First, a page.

Combining Bump and Normal Maps in Daz to Unreal

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Some Daz outfits use both a bump and a normal map to create handsome looking details in Daz Studio. Sadly though, by default the current Daz to Unreal bridge only transfers one or the other, which means we’re not getting the same details showing up after the transfer in Unreal Engine. The G9 Summer Bikini is a good example of such an outfit. Here’s what it looks like in Daz Studio (with Filament):

And here’s what it looks like after the transfer. The normal map is in charge or the crinkly bit at the bottom, which is displayed correctly, but the black and white bump map takes care of the pattern, which is absent in Unreal Engine:

The good news is we can fix this in two ways:

  • either use an external solution like Substance Painter or Photoshop to combine the normals (that’s the best option, but requires external tools and knowledge on how to use them)
  • or send the outfit twice, let the Daz to Unreal bridge generate a normal from the bump map and let UE mix them together

I’ll explain the latter solution here as it does not require additional tools, although it makes the workflow a little more involved. Fear not, it’s relatively easy.

Note that this approach requires the Daz to Unreal bridge provided by Daz via Install Manager, not the GitHub version from David as this functionality is not available in David’s version.

Prep Work in Daz Studio

We need to transfer our object twice, once without and once with the included normal map. In my example, I’ll select my object and take a look at the surfaces tab. I can see my outfit has both bump and normal maps applied. Let’s click on the normal map and set it to “none” so that there’s nothing in that channel.

With just the bump remaining, send the object (or character with applied clothing) over via File – Send to – Daz to Unreal and open the Advanced Options in the dialogue. There’s a tick box called “Generate Normal Maps”, enable this and the bridge will generate a normal from them bump map during transfer and apply it as such in UE.

After the transfer, we see the pattern in UE but not the crinkly bit provided by the original normal map. We’ll see how to combine them in the next step.

Combining both Normal Maps in Unreal Engine

Back in Daz Studio, re-apply the normal map we’ve removed earlier so that the outfit is back to what it used to look like with combined bump and normal. Send your outfit/character combo over again, this time making sure the option “Generate Normal Maps” is disabled under Advanced Settings.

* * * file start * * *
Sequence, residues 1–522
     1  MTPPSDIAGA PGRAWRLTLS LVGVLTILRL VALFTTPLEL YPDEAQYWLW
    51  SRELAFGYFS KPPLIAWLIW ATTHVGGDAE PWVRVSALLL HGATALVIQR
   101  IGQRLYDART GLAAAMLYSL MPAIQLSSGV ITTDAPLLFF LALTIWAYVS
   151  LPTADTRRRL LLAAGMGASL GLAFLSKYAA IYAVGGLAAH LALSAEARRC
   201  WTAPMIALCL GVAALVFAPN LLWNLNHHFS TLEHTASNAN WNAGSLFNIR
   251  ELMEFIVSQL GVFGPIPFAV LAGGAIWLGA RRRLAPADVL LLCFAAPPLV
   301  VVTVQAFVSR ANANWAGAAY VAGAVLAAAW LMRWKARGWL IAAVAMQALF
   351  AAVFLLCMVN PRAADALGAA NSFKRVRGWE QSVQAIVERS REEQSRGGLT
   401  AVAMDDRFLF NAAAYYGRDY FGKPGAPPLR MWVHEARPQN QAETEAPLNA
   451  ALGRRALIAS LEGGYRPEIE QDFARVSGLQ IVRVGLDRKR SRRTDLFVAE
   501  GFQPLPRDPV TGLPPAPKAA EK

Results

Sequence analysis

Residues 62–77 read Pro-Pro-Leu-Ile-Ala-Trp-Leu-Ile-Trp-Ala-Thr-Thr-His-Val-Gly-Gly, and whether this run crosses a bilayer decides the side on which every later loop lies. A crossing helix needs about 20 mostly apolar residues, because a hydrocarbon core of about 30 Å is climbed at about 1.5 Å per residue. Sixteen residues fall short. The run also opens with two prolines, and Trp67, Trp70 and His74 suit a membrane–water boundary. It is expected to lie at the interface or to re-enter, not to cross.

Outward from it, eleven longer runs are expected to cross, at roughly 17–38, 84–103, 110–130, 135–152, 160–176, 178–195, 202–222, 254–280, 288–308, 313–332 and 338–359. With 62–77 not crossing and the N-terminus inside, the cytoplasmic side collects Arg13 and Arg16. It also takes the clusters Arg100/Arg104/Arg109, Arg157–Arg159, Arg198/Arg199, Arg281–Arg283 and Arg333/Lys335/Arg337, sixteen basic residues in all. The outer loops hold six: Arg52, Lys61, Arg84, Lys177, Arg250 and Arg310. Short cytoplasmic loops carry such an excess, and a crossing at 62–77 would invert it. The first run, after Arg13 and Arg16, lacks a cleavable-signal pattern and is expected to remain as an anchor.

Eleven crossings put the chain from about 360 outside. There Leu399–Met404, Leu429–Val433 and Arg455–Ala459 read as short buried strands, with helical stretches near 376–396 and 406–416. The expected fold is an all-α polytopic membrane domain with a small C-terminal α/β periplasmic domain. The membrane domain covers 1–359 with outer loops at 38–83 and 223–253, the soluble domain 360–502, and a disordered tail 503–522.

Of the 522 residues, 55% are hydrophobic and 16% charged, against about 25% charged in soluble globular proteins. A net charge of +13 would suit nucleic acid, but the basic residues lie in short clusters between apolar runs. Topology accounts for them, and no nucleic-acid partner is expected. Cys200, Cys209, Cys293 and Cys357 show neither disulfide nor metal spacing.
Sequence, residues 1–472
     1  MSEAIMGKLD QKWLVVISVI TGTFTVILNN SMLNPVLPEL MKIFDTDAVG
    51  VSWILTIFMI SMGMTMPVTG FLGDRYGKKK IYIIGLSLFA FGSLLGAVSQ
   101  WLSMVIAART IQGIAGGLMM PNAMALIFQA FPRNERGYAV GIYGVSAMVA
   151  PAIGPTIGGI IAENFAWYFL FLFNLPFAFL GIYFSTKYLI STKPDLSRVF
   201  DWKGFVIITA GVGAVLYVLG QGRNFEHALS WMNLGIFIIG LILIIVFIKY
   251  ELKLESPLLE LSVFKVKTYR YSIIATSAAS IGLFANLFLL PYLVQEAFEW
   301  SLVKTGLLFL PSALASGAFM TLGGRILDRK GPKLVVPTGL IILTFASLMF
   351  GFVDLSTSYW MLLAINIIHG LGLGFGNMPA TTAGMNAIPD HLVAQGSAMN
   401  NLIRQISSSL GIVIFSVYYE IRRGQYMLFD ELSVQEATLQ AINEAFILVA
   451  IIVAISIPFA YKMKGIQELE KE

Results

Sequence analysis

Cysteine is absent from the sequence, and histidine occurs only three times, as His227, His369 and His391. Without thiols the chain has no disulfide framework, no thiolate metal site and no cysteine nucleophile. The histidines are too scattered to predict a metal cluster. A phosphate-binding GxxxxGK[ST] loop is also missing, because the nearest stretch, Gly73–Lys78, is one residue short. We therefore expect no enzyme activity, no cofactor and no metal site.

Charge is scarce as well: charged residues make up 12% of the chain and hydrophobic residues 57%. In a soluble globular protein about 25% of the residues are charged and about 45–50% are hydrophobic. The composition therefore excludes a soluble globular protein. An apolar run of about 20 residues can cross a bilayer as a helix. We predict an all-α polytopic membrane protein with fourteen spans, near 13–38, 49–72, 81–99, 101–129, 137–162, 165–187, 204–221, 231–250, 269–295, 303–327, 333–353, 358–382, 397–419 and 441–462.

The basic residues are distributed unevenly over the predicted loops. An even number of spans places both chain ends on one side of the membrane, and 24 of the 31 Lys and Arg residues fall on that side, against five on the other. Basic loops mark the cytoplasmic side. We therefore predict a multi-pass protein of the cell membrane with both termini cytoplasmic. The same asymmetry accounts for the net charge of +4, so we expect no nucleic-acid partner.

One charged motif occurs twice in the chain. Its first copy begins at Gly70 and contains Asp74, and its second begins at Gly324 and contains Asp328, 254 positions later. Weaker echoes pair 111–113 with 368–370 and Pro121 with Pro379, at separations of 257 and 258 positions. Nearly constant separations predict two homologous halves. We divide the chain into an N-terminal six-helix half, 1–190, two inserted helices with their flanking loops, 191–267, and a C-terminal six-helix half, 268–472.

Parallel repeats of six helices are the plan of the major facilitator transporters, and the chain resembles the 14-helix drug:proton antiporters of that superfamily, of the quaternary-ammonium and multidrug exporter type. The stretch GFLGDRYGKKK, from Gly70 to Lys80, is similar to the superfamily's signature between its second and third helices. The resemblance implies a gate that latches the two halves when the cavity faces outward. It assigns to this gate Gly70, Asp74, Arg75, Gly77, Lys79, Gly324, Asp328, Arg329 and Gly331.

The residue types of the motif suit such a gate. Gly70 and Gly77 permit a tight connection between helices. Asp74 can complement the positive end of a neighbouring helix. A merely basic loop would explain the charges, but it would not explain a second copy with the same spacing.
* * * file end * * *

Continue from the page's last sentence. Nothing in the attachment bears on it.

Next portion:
If you do this with a new name, your previous export won’t be overwritten and you can use the converted normal map directly in Unreal Engine. Alternatively you can copy it to a safe place, re-export with the same name as before, then import your generated normal again separately into UE. Regardless of how you do it, know that we’ll need both normal maps for our next step.

Once done, we’ll see the object with missing bump detail again. What we need to do is combine the current normal and the previous normal map. Best practice is to find your object’s base material (in my case it’s the BaseAlphaMaterial that comes with the Daz to Unreal bridge), make a copy of it to your own folder and open it.

Now add a node called BlendAngleCorrectedNormals in between the normal connection like this:

Find the generated normal from the previous step and add it to the second input – and boom, handsome looking combined normal detail has been made possible in Unreal Engine without the use of external tools.

I recommend you make this change on a copy because the Daz to Unreal base materials are in charge of all transferred materials, and this change have unexpected consequences for other objects in your scene. Err on the side of caution and compartmentalise your changes into separate files for a much happier life.

Thanks to Daniel and David form the Daz Bridge team for putting me on the right track here. This is a complex workflow and I’ll cover this in an upcoming video that I’ll add to the top of this article when it’s done.

Happy Normal Mapping 🙂

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